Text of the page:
The Origin and the Overcoming of Evil and Suffering in the World Religions
Koslowski (Peter), Ed.
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BOOK ABSTRACT:

Foreword

  1. Evil breaks up the order of the world, but appears nevertheless to belong to it. For the religions of the world, for which the world is based upon order and which regard the world as a consequence of an order established by God or by being, of a dharma, evil and suffering must particularly be a problem. Some have spoken of the riddle or mystery of evil, mysterium iniquitatis. The religions, therefore, cannot be satisfied with considering evil and suffering to be inevitable disruptions of the world.
  2. This second volume of the series A Discourse of the World Religions takes up the question of the origin and nature of evil and suffering, as well as the question of overcoming them, and presents the answers of the five world religions. It documents the second of five EXPO-Discourses, which took place on 17-18 March 2000, shortly before the World Exposition EXPO 2000 held in Hanover, Germany. The theme of the conference was "The Origin and Overcoming of Evil and Suffering in the World Religions." It was convened in the Johannes a Lasco Library Great Church Emden in Emden, East Friesland, Germany. The organizers of the conference were the Hanover Institute of Philosophical Research and the Foundation of Lower Saxony.

Introduction – Abstract
  1. The question of the origin and the overcoming of evil and suffering is one of the fundamental questions of religions. All religions attempt to explain how evil and suffering came into the world and continue to exist.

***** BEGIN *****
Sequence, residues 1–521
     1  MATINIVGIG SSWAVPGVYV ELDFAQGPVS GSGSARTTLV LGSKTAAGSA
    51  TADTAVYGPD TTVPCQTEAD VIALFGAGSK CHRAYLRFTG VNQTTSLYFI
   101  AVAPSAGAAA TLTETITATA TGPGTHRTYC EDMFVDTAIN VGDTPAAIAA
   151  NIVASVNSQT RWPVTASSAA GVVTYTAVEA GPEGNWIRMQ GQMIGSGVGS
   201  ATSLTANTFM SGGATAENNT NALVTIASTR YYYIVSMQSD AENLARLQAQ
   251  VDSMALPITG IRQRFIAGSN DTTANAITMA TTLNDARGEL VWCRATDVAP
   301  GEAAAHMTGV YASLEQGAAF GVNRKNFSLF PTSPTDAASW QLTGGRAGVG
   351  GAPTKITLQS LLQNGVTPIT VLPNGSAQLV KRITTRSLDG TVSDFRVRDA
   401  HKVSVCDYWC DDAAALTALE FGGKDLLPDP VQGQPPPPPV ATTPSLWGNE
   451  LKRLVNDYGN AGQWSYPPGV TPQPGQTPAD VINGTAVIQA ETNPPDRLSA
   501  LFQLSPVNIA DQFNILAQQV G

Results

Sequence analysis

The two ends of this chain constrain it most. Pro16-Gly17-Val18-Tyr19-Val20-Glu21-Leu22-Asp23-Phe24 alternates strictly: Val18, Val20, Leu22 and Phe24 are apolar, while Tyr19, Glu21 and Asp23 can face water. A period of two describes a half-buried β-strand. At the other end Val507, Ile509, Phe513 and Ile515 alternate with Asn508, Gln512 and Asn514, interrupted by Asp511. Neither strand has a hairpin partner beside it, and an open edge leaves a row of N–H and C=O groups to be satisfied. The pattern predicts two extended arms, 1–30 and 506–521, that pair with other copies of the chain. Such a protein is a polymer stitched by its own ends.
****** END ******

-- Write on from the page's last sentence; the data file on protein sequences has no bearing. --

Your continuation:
2. The philosopher Friedrich Schelling wrote cogently in his Philosophy of Revelation at the middle of the nineteenth century that the concepts of the will and of evil and the belief that the world is transformed distinguish religion and philosophical traditions that have originated under the influence of religion from ancient philosophy, which recognizes neither evil nor the will nor the transformations of the world.
  3. One could extend this idea and say that the emphasis on the significance of the will and of human deeds for the condition of the world, the attempt to speak about evil and suffering and to "cope" with them, and the view that the world, as it is, is not original, but is instead the consequence of transformations caused by evil, represents the characteristic trait of the religions that most distinguishes them from philosophical traditions.

Contents
    Foreword – vii
  1. The Origin and Overcoming of Evil and Suffering in the World Religions: Introduction – 1
    → Peter Koslowski
  2. Evil and the Overcoming of Suffering in Buddhism1 – 8
    → Jae-Ryong Shim
  3. The Fall and the Overcoming of Evil and Suffering in Islam – 24
    → Adnan Aslan – 24
  4. The Origin and Overcoming of Evil: Original Sin and God's Suffering in Christianity – 48
    → Julio Teran Dutari – 48
  5. Discussion of the Origin and Overcoming of Evil and Suffering in Buddhism, Islam, and Christianity – 75
  6. Job and Suffering in Talmudic and Kabbalistic Judaism – 80
    → Oliver Leaman
  7. The Hindu View on Suffering, Rebirth, and the Overcoming of Evil – 100
    → Tanjore Ramachandra Anantharaman
  8. Discussion of the Origin and Overcoming of Evil and Suffering in Judaism and Hinduism – 113
  9. The Propositions of the World Religions about the Origin and Overcoming of Evil: An Attempt at a Synthesis from an Islamic Perspective – 118
    → Adnan Aslan
  10. Summary and Critique from the Perspective of a Christian Theologian – 132
    → Klaus Berger
  11. Concluding Discussion of the Origin and Overcoming of Evil and Suffering in the World Religions – 143
  12. Conversation between the Representatives of the World Religions after the Conclusion of the Public Discourse – 145
  13. Contributors – 150
    Index of Persons – 153

BOOK COMMENT:
  • Springer Science + Business Media, 2001
  • Downloaded during Springer promotion, Dec. 2015



Text Colour Conventions (see disclaimer)
  1. Blue: Text by me; © Theo Todman, 2021
  2. Mauve: Text by correspondent(s) or other author(s); © the author(s)



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